Pilgrim was given as $1.00. This should have been
$1.35, as it appears in this issue. Also, all sub
scriptions for Literary Digest in any of our club
bing offers must be newrenewals not accepted.
At Jamestown, N. Y., George M. Guntner was
indicted on the charge of being a public nuisance
because he tried to organize the wood-workers into
a union. Mr. Frank Mott, his attorney, succeede'l
in convincing the court that it is not yet a public
crimo to endeavor to associate the laboring men
together for their own protection;
In connection with the editorials which have
appeared in regard to debating societies, it 4s
proper to sucgest that the Success Club Bureau,
Washington Sqliare, New York, is organizing de
bating societies all over the country. Any per
son desiring information on the subject can ad
dress the club at the above place.
A California reader disputes the statement
made by Senator Jones of Nevada to the effect
that the increased output of gold "has accom
plished what bimetallism would have accom
plished." He points to the fact that prices in gen
eral have not yet been raised to the bimetallic
level and that there is no apparent prospect that
they will be.
When the president reads the New York Her
alds criticism of Secretary Gage's recommenda
tions on the currency question, he will be glad
that he didn't discuss the money question in do
tall. The republicans generally prefer broad and
sweeping statements to definite and specific plans
Their policies are like eggs of doubtful age they
look better scrambled.
The staid and respectable if not always un
biasedAssociated press occasionally condescends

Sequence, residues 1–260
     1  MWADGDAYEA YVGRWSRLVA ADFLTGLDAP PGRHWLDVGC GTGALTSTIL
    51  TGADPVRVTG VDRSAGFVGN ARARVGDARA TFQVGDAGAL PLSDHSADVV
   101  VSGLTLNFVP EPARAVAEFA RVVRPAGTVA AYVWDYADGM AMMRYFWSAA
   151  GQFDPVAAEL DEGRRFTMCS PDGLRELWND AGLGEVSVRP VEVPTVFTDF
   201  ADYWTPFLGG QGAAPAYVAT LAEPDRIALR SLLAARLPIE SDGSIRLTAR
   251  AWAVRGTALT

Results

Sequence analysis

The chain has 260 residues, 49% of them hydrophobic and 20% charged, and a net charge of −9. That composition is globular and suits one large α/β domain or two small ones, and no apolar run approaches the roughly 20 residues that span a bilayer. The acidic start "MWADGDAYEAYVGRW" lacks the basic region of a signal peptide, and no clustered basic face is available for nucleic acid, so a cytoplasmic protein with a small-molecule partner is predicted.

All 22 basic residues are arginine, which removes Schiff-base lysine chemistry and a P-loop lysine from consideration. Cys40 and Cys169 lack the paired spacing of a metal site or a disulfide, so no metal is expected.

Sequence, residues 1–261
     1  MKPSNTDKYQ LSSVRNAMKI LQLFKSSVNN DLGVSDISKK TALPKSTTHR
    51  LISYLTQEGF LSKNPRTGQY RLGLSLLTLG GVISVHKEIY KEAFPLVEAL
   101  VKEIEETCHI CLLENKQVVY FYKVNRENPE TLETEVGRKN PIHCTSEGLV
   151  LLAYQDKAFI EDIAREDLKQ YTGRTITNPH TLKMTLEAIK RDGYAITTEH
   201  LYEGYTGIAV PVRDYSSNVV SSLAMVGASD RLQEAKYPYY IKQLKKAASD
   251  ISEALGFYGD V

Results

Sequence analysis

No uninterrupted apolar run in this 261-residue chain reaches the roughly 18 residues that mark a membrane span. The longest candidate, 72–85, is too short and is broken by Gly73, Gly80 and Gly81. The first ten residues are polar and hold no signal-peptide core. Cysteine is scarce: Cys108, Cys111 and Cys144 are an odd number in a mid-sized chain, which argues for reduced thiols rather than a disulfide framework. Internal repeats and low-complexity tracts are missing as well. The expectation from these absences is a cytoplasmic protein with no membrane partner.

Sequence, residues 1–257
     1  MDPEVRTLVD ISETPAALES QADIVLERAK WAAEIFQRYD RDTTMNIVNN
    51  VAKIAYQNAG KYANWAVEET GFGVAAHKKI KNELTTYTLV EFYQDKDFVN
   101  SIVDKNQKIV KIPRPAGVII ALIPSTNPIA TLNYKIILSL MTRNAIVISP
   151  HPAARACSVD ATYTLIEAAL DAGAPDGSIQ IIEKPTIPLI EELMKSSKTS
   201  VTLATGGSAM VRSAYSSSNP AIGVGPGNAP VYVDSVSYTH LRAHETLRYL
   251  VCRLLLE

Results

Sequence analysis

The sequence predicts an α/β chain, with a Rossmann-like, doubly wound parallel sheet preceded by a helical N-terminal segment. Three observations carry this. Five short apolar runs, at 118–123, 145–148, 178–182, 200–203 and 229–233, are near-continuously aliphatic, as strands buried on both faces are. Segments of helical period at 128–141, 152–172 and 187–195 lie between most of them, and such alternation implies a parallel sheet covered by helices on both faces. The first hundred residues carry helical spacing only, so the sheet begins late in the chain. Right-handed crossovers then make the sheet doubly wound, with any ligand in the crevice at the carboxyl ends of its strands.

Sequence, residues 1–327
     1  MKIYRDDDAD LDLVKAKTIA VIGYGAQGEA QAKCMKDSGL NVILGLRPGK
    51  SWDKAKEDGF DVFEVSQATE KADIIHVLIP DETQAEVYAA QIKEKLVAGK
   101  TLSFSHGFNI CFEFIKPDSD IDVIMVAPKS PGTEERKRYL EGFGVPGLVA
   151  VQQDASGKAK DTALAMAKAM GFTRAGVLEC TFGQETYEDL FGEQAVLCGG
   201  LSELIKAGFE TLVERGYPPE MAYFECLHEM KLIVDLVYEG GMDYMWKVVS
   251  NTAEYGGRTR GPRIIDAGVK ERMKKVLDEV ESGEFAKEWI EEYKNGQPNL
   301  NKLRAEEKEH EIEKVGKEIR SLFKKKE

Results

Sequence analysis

J! ?fP , lll!mor In reP01'ting the Boston elec
tion it said: "In South Boston two prominent re
publicans were arrested on the suspicion of hav
ing worked repeaters. This was the only unpleas
ant feature of the day." It must have been un
pleasant arresting republicans engaged in re-
Governor Yate-. of Illinois has Issued an ap-
P,e?U people of hIs state for contributions to
aid the Boer women and children who are suffer
ing in the British reconcentrado camps. Gov
ernor Yates is entitled to credit for this appeal and
it is to be hoped that it will meet with a very gen
erous response. It would be well also if everv
other governor in tho United States followed the
, A reader asks me to give, for tho benefit of a
political opponent, my reasons for resigning my
commission in the army. The reason was stated
In the resignation, which was forwarded to the de
partment on the day tho treaty of peace was signed
Half of the volunteers had been mustered nnf
and it was apparent that the remainder would h
assigned to police duty. I felt that I could be of
more service to my country in opposing the im
perialistic tendencies of the republican party thin
I could in performing tho routine duties of a
regimental commander in time of peace.
A reader of The Commoner asks where in
formation can be secured in regard to the banking
question. Insofar as the question relates to tho
national bank, one of the best works on that sub
ject is the Financial Catechism and History of
Financial Legislation in the United States from
1862 to 189G. This, in paper cover, can be secured
for fifty cents from C. Vincent, 612 So. 13th &t.,
A reader of The Commoner asks what relation
PT0r,RiC0 and the Sandwich islands are to the
United States. Porto Rico is a subject territory
enjoying such local self-government as the presi
dent and congress choose to give, and has no rep